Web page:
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Where to buy: http://www.kardwell.com/page/KII/CTGY/SQUEEZERS Price:
$6.50 for 2 decksAnd for an even better price...right hear at PENGUIN!!!: Only $2.70/ deck!http://www.penguinmagic.com/product.php?ID=S5612
For more information about my reviewing methods and a list of other reviews: viewtopic.php?f=10&t=156760&p=1224367#p1224367
Video Review Suppliment: http://vimeo.com/19881338 Initial Impressions:
WOW! This is probably the nicest quality stock and finish combination I have come across with a mid range USPCC card! The thing that immediately stands out with this deck is likely just the quality control used on this deck. I would pit the quality control up against most USPCC custom cards I have tried and well beyond what I generally find in most “off the shelf” USPCC cards. The borders are perfectly aligned and the edges are cut almost flawlessly. This deck excels in all forms of faro shuffling. History:
I added this section specifically for this deck as it does have quite an interesting and long history. The Squeezers were a term added to several cards from the New York Consolidated Playing Card Company and at one time came with many different back designs. The one I’m reviewing is the No.58 back and it is the one with two dogs printed on the back with the quote, “The tie that binds,” printed across the bottom. This deck was originally minted in 1877 to commemorate the merger of the N.Y Consolidated (maker of the Bee brand) and the A. Dougherty(Maker of the Tally-Ho brand) playing card companies. Each Bulldog has a name printed on its collar. One saying Trip the other saying Squeezer. N.Y. Consolidated printed cards under the name Squeezer which referred to the way card players could cup and squeeze there card in order to see the pips. A.Dougherty printed a line of cards called “Trips” which stood for triplicates which in-turn stood for the way in which the card was printed with a large center image and miniature images printed in opposing corners. Incidentally both of these innovations, Squeezers and Trips, were the first time cards were printed with what today would today be called corner pips. Prior to this cards were printed with a single image design. Each dog was chained to their respective dog house which symbolized a shady business deal between the two companies by which each would sell their brand of cards on their “turf” and not undercut the others business. So, essentially, these cards represent a market fixing scheme that dated back to the 1870s. (Important to note, that type of market fixing was probably not illegal at the time) Eventually the two companies merged into “Consolidated Dougherty” which was bought out by the United States Playing Card Company. Why USPCC still prints a commemorative deck that represents a merger of two companies that it eventually bought out is a mystery but I am glad they did. Word on the street(specifically from a forum post by J.Bayme from T11) is that USPCC has no intention of discontinuing the Bulldog Squeezers anytime soon.For a further look at the history of these cards you may want to check out these two websites. Most of the information above was gleaned from these two sites.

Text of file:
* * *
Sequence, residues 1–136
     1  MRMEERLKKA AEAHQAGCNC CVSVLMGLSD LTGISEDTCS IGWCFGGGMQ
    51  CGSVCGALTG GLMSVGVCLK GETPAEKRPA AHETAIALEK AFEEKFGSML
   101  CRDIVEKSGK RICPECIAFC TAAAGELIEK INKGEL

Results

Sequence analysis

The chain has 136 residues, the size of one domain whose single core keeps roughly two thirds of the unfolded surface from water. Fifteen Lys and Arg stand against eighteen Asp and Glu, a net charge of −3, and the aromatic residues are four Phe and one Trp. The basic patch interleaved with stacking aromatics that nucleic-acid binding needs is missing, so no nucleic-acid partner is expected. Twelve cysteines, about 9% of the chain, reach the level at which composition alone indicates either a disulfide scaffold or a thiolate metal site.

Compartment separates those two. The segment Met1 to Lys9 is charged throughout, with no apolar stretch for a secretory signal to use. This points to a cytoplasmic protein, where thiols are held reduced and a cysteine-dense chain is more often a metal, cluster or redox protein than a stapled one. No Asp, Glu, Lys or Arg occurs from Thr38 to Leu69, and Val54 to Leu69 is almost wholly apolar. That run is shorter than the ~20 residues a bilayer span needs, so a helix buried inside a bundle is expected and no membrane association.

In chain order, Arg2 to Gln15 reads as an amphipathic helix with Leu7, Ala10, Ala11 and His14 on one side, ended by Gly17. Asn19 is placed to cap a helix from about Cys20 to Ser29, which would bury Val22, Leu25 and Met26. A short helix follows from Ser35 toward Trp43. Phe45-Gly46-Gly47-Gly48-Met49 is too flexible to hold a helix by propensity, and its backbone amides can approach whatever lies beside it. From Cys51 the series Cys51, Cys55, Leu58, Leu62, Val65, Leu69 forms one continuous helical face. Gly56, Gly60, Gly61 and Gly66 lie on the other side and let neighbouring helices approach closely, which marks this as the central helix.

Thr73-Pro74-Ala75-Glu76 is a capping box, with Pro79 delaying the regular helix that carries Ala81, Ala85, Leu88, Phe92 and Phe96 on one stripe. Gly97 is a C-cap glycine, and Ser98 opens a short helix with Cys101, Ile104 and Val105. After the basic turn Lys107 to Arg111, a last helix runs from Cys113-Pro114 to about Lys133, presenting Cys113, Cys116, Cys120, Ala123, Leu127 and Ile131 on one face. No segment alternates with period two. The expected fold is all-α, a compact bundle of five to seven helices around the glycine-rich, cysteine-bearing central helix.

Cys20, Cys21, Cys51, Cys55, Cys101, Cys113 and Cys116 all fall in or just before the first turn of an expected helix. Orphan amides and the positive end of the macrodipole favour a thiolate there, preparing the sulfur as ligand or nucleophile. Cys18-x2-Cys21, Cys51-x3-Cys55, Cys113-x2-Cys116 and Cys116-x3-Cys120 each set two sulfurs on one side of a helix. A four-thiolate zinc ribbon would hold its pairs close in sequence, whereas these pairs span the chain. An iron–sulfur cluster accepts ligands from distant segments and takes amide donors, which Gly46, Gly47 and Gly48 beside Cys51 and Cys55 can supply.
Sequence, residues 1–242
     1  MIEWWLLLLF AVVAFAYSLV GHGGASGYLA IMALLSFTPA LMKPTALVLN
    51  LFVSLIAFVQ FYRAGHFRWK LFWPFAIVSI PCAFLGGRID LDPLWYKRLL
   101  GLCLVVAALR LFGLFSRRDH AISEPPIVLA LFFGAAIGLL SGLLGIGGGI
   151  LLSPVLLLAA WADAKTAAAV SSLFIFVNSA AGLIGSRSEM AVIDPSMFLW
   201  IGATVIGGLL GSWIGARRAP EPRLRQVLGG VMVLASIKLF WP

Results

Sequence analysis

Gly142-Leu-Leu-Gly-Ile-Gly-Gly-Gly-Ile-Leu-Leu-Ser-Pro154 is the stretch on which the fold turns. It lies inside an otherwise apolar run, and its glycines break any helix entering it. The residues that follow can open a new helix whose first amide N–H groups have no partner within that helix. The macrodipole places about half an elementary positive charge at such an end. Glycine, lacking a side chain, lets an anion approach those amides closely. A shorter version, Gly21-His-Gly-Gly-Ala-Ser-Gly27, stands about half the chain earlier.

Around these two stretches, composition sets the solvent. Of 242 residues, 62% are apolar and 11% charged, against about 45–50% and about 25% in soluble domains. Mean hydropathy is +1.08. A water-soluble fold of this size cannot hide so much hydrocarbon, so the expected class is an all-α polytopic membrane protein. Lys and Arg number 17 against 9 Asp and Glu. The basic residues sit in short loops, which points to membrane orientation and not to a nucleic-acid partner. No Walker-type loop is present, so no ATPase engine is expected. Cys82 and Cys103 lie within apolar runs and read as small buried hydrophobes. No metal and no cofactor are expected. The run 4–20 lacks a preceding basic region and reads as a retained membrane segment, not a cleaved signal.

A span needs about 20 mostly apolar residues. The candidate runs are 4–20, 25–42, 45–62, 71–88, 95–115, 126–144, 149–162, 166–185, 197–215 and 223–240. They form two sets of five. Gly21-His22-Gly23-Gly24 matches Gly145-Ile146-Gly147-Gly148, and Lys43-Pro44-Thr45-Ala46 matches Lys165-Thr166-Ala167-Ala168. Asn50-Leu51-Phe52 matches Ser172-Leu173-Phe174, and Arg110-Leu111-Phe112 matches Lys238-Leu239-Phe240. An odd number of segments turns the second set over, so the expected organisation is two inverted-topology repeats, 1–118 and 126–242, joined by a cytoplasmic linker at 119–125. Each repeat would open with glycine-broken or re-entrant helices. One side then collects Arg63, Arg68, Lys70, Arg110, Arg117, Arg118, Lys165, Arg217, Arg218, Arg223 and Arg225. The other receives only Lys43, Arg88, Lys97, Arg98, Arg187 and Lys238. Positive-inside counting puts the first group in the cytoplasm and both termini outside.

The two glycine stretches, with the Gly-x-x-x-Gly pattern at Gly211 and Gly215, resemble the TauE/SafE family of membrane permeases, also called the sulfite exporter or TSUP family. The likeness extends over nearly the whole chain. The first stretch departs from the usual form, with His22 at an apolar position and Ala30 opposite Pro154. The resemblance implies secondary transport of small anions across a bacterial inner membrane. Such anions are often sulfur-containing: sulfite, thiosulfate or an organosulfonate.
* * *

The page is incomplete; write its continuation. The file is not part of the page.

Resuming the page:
http://whiteknucklecards.com/history/dougherty.htmlhttp://www.stevensmagic.com/gemini/Mike ... lldogs.htm
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These cards come in red and blue backs and usually will be found in sets with one red and one blue. As already mentioned in the history section the backs of these cards are a picture of two dogs, Trip and Squeezer, chained to there respective dog houses barking at each other. In the upper right is a sinister looking smiling moon. The upper left has a “REGISTERED 1877” printed on the roof of Trip’s dog house. On the bottom of the picture is a quote that says, “There is a tie that binds us to our homes.”
The Ace of spades is also a commemoration of the consolidation of the two companies. The central pip is similar to the wheel pattern used on the Tally-Ho AOS minus the N.9. The artwork surrounding the AOS is similar to the artwork that surrounds the Bee AOS. It has the same flower and bee design except that on the lower banner “Squeezer” is printed instead of “Consolidated Dougherty.” The Jokers are the same as the Tally-Ho Joker and the court cards are all standard USPCC.Card Construction: